I once remarked on my Running2Win log that classes were something I snuck in between runs and not the contrary. Regardless of that dismissive-of-academics comment, I was still a full on tryhard with school. I had achieved a lifetime high GPA the previous semester and was determined to build on it. This meant long hours studying and working on projects where, despite being paired with other Georgetown graduate level students, I was still the only one who could be bothered to do any of the work (and I, sadly and very literally, mean any). This added up and detracted from sleep time, if anything else. I skipped a handsome handful of after class happy hours to speed walk home, change, and get out the door as soon as possible so I could get back home, shower, eat, and study. Running was a priority, but academics also had to be a priority, much to my chagrin.

Oh, sorry, I’m going to go run, first” became a common response. So common, in fact, that my classmates began referring to my only answer for leaving group study sessions of running then eating as “Dylan Things.” The many students from India were particularly perplexed by it, as I gleaned that recreational exercise, much less distance running, was not popular back home.

We’re getting lunch before our six hour lab, want to come with?

Nope, sorry, going to squeeze in a run. Thanks, though.

 “Oh, I see… classic Dylan Things, then?

Yup, classic.

Alright, see you in lab at noon, then.

I looked at my watch. 10:15AM. I planned the sequence as I headed towards the door to the lecture hall: 15 minutes to walk home, change, quick stretch, and get out the door. A hair and a half under 60 minutes for my 10.2 mile medium steady route. 15 minutes to shower and not forget my lab coat. 3 minutes to make the PB&J I’ll eat on the walk to lab. 8 minute walk to my building. 2 minutes to get to the lab, put up my backpack, and throw on my lab coat. At the bench 1 minute before noon. Roger Bannister usually could only train during his lunch break, so why can’t I?

Crossing the T’s and Dotting the Lower Case J’s
Spring 2018 training plan as written for myself. Each black triangle in the upper right corner of a cell is a note (times, distance, brief comment)

The training plan I followed was an adaptation of my spring 2016 UMD Club Running 5k training plan adjusted for my own goals and abilities. Since I knew I would have to give this my all if I wanted decent results, I spent significant amounts of time tinkering this plan, such as adding one rep here and adding 15s there to the rep rests and taking 5x1000m and changing it to hills and a 1k cut down. As the season progressed, I modified the plan based on how I felt and what I thought I was increasingly (or sometimes, decreasingly) capable of. This lead to a hyper-specific training schedule with the t’s crossed and the lower case j’s dotted on every line2.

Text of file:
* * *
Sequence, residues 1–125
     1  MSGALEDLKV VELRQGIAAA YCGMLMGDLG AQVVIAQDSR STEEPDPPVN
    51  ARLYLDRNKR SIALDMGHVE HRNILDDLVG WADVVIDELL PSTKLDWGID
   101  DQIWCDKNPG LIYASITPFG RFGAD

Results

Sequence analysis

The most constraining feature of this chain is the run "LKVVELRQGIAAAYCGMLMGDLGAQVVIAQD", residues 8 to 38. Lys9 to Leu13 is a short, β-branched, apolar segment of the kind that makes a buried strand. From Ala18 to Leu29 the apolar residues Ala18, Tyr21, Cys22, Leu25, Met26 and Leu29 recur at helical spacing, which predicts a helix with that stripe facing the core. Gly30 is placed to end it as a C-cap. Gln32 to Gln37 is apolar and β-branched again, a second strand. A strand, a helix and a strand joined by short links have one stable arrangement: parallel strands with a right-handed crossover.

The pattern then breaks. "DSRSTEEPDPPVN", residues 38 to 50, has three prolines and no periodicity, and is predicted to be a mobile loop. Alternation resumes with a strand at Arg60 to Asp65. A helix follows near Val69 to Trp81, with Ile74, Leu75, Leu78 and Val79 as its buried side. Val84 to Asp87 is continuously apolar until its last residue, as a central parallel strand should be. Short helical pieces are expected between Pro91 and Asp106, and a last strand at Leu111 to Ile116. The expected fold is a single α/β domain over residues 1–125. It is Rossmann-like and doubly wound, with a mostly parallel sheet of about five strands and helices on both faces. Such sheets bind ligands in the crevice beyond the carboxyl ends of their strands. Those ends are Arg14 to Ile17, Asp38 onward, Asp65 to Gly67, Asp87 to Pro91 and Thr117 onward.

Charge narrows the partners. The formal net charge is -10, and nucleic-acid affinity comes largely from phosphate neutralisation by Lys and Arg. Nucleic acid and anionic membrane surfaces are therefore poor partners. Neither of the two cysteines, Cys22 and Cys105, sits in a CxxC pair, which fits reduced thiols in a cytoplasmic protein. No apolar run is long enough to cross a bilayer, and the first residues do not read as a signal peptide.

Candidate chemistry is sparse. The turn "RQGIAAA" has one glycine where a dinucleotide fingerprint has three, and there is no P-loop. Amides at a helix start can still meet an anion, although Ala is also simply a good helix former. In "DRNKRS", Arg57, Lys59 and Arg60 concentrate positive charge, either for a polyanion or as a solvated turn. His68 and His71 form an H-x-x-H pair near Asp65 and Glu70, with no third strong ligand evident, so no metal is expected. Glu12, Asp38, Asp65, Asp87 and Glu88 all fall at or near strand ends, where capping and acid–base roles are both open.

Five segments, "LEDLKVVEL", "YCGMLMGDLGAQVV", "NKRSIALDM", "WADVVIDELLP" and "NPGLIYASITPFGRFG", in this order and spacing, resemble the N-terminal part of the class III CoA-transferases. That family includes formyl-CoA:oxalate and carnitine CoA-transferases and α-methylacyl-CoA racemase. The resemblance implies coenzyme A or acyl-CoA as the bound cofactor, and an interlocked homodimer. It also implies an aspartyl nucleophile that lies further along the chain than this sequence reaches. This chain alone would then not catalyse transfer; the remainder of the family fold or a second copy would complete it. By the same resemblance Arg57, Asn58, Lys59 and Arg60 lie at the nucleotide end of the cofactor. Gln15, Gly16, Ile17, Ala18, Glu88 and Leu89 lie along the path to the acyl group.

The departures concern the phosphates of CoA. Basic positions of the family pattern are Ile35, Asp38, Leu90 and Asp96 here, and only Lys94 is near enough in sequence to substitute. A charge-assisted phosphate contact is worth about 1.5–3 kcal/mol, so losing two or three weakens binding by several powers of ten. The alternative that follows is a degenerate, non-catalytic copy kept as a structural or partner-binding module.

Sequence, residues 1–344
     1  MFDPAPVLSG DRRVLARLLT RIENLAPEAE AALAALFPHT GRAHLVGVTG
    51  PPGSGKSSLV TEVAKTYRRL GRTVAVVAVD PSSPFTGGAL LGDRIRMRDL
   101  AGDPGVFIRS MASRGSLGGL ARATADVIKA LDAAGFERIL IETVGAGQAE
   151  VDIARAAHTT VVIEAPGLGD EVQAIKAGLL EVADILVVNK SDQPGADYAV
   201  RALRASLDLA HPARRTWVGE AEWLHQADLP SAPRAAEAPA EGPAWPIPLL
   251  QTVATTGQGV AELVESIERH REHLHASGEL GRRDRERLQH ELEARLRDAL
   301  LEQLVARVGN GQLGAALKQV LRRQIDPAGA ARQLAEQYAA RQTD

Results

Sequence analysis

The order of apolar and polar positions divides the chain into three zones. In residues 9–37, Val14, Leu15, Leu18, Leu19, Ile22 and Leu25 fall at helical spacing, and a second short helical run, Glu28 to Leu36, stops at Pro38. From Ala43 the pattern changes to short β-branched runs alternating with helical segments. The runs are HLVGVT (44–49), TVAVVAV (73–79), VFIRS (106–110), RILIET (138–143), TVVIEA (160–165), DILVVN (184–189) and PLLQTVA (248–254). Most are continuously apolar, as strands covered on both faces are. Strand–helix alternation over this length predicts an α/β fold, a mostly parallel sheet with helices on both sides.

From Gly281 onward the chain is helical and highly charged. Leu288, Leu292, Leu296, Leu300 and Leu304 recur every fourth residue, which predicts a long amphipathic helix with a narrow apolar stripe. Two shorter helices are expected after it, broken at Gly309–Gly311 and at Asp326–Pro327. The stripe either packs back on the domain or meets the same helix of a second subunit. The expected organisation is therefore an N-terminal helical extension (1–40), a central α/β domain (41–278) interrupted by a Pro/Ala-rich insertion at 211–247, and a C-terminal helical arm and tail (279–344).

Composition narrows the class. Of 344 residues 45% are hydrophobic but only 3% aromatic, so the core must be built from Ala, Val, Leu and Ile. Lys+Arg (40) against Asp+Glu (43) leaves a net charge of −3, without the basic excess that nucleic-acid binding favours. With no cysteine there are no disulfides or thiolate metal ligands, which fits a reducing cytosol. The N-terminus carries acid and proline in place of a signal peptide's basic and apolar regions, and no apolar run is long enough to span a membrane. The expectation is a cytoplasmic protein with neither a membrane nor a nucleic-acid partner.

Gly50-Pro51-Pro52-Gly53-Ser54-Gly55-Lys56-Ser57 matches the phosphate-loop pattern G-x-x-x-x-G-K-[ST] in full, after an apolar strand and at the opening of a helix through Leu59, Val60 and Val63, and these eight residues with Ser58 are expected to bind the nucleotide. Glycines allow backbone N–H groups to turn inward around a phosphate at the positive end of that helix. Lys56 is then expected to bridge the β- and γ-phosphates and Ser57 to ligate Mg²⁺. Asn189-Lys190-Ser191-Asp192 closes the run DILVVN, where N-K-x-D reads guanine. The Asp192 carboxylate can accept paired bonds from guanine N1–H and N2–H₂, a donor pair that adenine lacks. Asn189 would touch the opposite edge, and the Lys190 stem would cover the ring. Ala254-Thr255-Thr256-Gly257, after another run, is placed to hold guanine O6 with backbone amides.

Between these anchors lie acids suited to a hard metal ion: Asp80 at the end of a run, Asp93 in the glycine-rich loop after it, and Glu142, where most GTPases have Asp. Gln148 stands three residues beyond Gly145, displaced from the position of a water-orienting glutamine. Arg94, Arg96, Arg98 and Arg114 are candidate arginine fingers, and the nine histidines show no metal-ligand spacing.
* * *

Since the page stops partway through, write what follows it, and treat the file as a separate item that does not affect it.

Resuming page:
There are likely some familiar blocks – such as medium steadies on Wednesdays and Tuesday/Friday workouts – and some new elements such as a more refined taper (4/15 onward). This being a personal plan meant that I could track my actual weekly mileage on the side as well as average my weekly mileage before tapering, giving myself an easy at-a-glance analysis of my season as I progressed. The overarching technical goal of this training plan was simple: stay relaxed. I am proud to say I stuck to this goal for the majority of the season with exception of the latter half of April due to outside stressors. From a developmental standpoint, I believe staying relaxed on runs and workouts was the primary underlining achievement of this season. GRC had workouts Monday/Thursday with long runs on Saturday and my class and internship schedule was just such that I could only make some Fridays (I had class Sat/Sun much of Spring semester), so I decided to stick to my own training plan yet compete with the club. Regardless, dropping in on practices here and there with them was always a highlight and I am grateful for those times, especially after being able to consistently train with them last semester.

The Up and Ups

There were several key workouts that served as significant, not only due to the quality of the run, but because of the confidence they gave me.

  • 1/26 – 5 mile tempo that served as my unofficial new 8k PR (from 26:54 at NIRCA regionals at Princeton, Fall 2015 to 26:44 en route on the Mt. Vernon trail). From my R2W log: “26:53 for 5 miles, 26:44 ish at 8k. 5:29, :28, :26, :18, :16. I don’t know, man, I just felt good.” Nothing serves up some fresh confidence like negative splitting like that after only 3 weeks of training.
  • 2/14 – 10.08 mile medium steady in 57:18 (5:41/mi). From R2W: “don’t get me wrong, I fucked up this med-stead. Maybe it’s no workouts for the past 6 days, but I hit 5:35 uphill with a 5:5x effort.” The day after a 17.7 mile double I drop the hottest “medium steady” of 2018. Beat my 2017 Cherry Blossom 10 Miler time by a minute and a half on this run which I took excessively hard for way too little reason aside from feeling good.